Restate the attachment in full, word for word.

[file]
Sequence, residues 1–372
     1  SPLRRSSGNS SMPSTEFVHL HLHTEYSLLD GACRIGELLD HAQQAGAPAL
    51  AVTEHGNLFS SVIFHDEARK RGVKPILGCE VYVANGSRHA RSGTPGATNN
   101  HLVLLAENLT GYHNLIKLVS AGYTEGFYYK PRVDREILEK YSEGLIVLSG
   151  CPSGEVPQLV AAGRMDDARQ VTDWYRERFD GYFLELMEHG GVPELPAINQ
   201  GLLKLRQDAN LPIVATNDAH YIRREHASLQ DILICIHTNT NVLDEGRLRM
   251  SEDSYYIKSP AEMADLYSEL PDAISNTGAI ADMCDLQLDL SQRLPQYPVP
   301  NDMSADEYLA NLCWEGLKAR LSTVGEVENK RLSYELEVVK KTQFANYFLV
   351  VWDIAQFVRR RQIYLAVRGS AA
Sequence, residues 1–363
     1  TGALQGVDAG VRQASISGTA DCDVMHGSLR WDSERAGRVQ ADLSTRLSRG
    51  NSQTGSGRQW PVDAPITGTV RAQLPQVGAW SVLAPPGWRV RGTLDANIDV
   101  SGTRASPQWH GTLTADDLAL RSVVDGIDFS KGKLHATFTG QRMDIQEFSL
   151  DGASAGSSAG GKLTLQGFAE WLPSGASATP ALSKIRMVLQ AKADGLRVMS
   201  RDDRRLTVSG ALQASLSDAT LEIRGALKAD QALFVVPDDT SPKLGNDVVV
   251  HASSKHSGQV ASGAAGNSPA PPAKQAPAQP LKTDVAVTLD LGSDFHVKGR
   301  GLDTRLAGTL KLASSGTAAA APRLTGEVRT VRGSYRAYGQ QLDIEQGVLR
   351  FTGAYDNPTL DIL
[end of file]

Sequence, residues 1–372
     1  SPLRRSSGNS SMPSTEFVHL HLHTEYSLLD GACRIGELLD HAQQAGAPAL
    51  AVTEHGNLFS SVIFHDEARK RGVKPILGCE VYVANGSRHA RSGTPGATNN
   101  HLVLLAENLT GYHNLIKLVS AGYTEGFYYK PRVDREILEK YSEGLIVLSG
   151  CPSGEVPQLV AAGRMDDARQ VTDWYRERFD GYFLELMEHG GVPELPAINQ
   201  GLLKLRQDAN LPIVATNDAH YIRREHASLQ DILICIHTNT NVLDEGRLRM
   251  SEDSYYIKSP AEMADLYSEL PDAISNTGAI ADMCDLQLDL SQRLPQYPVP
   301  NDMSADEYLA NLCWEGLKAR LSTVGEVENK RLSYELEVVK KTQFANYFLV
   351  VWDIAQFVRR RQIYLAVRGS AA
Sequence, residues 1–363
     1  TGALQGVDAG VRQASISGTA DCDVMHGSLR WDSERAGRVQ ADLSTRLSRG
    51  NSQTGSGRQW PVDAPITGTV RAQLPQVGAW SVLAPPGWRV RGTLDANIDV
   101  SGTRASPQWH GTLTADDLAL RSVVDGIDFS KGKLHATFTG QRMDIQEFSL
   151  DGASAGSSAG GKLTLQGFAE WLPSGASATP ALSKIRMVLQ AKADGLRVMS
   201  RDDRRLTVSG ALQASLSDAT LEIRGALKAD QALFVVPDDT SPKLGNDVVV
   251  HASSKHSGQV ASGAAGNSPA PPAKQAPAQP LKTDVAVTLD LGSDFHVKGR
   301  GLDTRLAGTL KLASSGTAAA APRLTGEVRT VRGSYRAYGQ QLDIEQGVLR
   351  FTGAYDNPTL DIL